Conor Oberst – Upside Down Mountain

Upside Down MountainConor Oberst has been releasing music for over 20 years now. That's right – we’re fifteen years on from the teenage angst of breakthrough track "Falling out of love at this volume" and subsequent album, Fevers And Mirrors. Further to this we're almost ten years on from what people consider his magnum opus, the Bright Eyes album I'm Wide Awake It's Morning.  Under his various monikers, Oberst has now released over twenty albums. "But why is now the time for reflection?" I hear you asking. Because on Upside Down Mountain we find Conor in a very reflective mood.

Despite only turning 34 in February of this year, Oberst sings of tales on Upside Down Mountain that make him sound like an elder statesman of indie rock. "Zigzagging toward the Light" finds the musician reflecting on how naive his attitude to death was and contemplating his mortality. This may be a morbid subject matter, but it’s musically a song that early 1970s David Bowie would have been proud of. It's so catchy you can't help but tap your toes.

Similarly on "You Are Your Mother's Child" we find Oberst taking the role of a proud father narrating his son's progress from birth to young adulthood.  Prior knowledge of Oberst's age makes our protagonist around twelve at the time of this fictitious birth. Yet if we suspend reality, it’s a convincing and beautiful song. Oberst has spent his whole career belying his age and it seems that even as he approaches his mid-30s, he’s still not content.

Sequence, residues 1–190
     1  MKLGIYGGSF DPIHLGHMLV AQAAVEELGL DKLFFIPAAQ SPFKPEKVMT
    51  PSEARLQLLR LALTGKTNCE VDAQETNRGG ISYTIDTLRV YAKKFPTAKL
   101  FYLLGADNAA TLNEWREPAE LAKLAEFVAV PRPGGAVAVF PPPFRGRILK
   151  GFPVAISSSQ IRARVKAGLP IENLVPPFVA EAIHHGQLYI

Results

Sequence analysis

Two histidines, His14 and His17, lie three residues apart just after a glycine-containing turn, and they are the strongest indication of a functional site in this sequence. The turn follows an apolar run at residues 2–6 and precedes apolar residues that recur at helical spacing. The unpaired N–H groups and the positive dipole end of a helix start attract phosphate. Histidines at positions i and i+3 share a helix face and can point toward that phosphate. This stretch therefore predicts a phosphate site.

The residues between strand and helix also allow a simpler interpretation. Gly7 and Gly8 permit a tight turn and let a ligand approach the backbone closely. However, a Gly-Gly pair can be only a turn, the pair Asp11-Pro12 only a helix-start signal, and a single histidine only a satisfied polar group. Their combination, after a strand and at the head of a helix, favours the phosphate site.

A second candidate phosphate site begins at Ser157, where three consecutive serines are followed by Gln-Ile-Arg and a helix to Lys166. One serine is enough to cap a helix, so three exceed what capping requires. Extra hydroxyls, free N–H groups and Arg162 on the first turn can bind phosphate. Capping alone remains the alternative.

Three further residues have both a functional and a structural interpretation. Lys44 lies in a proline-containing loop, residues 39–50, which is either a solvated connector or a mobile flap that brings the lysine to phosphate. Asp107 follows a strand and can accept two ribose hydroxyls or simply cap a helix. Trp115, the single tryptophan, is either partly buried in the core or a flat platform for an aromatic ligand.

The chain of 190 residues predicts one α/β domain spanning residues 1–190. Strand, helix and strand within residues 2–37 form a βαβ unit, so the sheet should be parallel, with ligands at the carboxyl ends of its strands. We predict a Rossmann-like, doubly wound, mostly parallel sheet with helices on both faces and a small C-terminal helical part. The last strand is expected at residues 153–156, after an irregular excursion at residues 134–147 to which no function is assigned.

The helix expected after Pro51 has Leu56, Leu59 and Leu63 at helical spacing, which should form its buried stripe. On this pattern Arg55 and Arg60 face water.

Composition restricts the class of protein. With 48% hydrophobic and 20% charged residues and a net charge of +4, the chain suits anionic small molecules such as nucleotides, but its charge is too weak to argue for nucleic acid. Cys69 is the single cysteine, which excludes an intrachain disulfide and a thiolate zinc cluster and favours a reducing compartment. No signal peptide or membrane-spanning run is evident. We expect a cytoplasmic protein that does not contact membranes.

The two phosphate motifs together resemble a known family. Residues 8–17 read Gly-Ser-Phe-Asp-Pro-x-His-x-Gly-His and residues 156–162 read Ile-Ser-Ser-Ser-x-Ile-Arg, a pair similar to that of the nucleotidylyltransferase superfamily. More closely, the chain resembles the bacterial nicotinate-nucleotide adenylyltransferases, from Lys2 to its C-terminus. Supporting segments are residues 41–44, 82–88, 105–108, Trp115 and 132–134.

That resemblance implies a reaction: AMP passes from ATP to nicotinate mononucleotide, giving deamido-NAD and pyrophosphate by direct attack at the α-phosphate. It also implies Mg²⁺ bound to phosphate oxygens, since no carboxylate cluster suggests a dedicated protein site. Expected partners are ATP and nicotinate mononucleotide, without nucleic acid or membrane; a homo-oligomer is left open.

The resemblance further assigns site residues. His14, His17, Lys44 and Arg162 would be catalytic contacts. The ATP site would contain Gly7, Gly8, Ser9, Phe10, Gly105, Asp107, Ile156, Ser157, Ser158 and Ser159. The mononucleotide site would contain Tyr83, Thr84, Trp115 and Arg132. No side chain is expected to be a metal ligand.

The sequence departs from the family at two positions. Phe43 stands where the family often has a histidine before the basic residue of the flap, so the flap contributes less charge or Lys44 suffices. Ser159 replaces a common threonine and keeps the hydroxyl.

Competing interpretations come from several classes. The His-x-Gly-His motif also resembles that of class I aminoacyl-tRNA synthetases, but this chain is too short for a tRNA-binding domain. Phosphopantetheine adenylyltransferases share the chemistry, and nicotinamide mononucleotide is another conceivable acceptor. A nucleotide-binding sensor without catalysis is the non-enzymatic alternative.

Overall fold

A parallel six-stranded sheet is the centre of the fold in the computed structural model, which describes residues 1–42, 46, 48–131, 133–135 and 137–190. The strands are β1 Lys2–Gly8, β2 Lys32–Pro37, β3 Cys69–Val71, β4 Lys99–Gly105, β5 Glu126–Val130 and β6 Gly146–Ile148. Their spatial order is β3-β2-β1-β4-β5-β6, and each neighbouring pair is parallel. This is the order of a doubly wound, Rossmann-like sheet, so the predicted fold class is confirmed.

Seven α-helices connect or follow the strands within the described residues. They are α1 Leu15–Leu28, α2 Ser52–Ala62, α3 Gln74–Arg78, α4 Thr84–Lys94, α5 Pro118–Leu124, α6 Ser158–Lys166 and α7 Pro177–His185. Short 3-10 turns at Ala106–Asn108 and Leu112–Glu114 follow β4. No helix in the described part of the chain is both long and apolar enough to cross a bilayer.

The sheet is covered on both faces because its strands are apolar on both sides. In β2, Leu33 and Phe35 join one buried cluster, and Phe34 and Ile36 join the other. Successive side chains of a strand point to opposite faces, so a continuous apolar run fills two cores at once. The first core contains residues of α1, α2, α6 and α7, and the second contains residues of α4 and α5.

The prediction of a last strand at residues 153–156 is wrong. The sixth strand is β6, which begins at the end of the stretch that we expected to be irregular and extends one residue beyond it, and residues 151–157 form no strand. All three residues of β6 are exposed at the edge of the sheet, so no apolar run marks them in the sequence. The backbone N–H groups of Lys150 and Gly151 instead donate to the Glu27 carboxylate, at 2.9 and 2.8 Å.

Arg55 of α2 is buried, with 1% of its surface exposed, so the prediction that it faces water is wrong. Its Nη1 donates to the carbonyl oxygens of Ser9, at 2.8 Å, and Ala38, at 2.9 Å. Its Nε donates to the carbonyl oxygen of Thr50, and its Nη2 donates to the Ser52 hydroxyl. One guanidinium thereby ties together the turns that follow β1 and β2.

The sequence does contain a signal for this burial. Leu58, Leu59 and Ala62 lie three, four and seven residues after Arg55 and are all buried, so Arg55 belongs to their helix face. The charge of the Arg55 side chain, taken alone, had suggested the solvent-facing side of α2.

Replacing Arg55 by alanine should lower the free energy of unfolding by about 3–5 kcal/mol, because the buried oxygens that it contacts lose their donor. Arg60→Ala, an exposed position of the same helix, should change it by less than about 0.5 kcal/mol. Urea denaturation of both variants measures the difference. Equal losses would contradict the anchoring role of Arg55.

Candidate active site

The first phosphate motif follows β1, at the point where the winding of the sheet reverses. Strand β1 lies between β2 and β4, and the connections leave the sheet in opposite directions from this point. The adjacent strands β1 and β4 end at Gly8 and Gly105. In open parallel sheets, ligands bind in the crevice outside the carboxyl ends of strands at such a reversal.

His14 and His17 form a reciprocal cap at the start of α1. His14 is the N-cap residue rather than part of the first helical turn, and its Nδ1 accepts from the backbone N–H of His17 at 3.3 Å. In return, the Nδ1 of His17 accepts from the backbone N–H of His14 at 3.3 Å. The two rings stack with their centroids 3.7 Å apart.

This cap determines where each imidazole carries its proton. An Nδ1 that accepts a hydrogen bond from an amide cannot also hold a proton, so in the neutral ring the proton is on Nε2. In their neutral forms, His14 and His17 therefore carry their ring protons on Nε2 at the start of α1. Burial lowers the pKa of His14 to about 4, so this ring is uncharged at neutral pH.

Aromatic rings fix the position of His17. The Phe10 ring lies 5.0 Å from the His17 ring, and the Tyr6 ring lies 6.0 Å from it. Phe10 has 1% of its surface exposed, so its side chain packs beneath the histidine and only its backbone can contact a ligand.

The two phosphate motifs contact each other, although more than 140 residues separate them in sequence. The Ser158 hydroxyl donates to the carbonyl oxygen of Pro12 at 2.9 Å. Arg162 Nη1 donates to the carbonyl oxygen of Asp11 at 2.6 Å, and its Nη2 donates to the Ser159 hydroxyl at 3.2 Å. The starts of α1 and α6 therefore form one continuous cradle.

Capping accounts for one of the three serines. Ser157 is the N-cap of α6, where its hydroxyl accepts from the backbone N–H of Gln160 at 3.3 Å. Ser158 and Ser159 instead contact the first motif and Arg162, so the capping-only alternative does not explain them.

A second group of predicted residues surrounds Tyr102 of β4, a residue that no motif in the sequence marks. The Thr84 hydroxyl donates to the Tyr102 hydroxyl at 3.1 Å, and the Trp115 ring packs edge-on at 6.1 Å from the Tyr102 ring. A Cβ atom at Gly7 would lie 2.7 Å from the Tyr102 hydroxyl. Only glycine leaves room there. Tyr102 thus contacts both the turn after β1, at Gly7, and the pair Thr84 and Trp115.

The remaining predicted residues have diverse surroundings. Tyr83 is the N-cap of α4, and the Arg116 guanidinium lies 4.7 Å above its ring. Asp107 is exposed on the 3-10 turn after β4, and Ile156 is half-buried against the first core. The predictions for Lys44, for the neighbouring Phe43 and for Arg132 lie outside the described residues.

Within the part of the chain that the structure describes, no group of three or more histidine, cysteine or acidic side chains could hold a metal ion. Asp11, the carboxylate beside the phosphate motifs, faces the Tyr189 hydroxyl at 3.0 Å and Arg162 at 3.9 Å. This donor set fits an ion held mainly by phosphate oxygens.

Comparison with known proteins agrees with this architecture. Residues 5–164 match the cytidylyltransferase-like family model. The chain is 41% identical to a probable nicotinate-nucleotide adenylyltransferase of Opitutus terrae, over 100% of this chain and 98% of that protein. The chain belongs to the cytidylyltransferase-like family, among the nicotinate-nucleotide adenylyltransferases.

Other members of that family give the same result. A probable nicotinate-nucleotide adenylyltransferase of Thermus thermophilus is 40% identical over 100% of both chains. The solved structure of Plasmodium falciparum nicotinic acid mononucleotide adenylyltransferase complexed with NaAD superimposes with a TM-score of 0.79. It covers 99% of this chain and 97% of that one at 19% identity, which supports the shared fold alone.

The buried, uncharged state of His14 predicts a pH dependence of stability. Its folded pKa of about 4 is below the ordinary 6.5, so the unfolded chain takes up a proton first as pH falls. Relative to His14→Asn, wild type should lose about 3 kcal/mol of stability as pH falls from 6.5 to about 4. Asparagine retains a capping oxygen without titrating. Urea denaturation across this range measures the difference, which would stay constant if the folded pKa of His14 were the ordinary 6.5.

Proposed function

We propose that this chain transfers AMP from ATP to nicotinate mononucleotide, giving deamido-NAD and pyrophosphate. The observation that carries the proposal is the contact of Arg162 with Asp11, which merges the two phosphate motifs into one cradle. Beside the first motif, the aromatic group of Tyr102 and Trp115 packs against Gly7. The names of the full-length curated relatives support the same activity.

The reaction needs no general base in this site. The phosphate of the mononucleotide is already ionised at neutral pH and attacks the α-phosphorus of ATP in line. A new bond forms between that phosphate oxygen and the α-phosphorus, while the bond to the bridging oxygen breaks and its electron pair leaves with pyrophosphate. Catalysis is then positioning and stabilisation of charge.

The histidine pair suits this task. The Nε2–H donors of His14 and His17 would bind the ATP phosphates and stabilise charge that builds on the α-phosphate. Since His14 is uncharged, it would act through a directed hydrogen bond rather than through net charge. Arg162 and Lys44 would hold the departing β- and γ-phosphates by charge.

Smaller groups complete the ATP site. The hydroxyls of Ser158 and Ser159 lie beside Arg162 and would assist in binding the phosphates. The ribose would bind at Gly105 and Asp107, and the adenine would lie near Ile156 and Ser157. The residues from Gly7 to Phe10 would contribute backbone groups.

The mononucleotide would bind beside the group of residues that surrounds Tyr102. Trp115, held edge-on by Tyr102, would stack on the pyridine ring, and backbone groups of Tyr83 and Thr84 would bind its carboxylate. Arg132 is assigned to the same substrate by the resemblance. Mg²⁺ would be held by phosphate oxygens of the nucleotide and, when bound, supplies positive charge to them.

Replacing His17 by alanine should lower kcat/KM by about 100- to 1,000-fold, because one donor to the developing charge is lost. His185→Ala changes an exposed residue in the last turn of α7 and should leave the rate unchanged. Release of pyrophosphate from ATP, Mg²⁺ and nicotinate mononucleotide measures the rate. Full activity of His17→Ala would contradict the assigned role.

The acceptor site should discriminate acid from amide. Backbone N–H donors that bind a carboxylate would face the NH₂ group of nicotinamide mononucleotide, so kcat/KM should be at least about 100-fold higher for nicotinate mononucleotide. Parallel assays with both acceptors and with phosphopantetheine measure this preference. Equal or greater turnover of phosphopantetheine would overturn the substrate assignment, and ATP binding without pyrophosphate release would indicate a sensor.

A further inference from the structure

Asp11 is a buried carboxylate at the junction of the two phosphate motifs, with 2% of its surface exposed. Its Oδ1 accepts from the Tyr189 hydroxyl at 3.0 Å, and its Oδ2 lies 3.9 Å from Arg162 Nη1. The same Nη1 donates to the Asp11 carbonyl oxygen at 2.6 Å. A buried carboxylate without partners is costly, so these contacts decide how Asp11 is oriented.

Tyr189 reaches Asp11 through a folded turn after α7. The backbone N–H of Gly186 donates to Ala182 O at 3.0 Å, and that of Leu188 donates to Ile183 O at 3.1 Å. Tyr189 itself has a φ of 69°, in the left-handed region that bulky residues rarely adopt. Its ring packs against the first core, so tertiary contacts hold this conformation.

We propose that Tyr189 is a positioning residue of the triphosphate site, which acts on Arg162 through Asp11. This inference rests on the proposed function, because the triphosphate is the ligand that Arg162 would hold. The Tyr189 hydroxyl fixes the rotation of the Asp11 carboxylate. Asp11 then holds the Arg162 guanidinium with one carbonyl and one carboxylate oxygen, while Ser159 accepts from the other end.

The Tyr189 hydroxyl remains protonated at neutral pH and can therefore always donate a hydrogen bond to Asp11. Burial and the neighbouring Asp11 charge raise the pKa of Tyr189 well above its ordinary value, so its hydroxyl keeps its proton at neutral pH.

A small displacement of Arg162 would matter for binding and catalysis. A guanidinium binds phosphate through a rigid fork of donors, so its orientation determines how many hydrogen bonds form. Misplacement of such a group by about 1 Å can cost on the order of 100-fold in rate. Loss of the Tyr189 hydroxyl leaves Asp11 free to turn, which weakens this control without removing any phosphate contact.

It isn't all reflection from Oberst though. He’s far too talented a songwriter to slip into any kind of rut musically or lyrically. "Governor's Ball" is an easy on the ear light-hearted farce, which soundtracks the occasion when Oberst's sensible and proper friend broke from type, tripped out at a festival, disappeared from his friends and then returns looking very sheepish. Whilst "Artifact #1" is one of the strongest love songs you'll hear this year. The most notable track on the album though is the closer, "Common Knowledge". There’s no saving grace: this is a very downbeat track, but ultimately Oberst made his career as a miserablist, so we should embrace this side of him. He sings of his alter ego, which feels he should have joined the 27 club to be remembered and contemplates going "out with a bang like Hemingway". It's downbeat but it's a stunning song.

"Common Knowledge" makes you want to take Upside Down Mountain down the pub and assure it everything’s going to be okay. Yet then you listen back to the album and realise how varied the themes are and music is, which brings you to the realisation that Oberst is just a superb storyteller. On Upside Down Mountain he’s in full swing.

Release: 29th May 2014, Nonesuch Records

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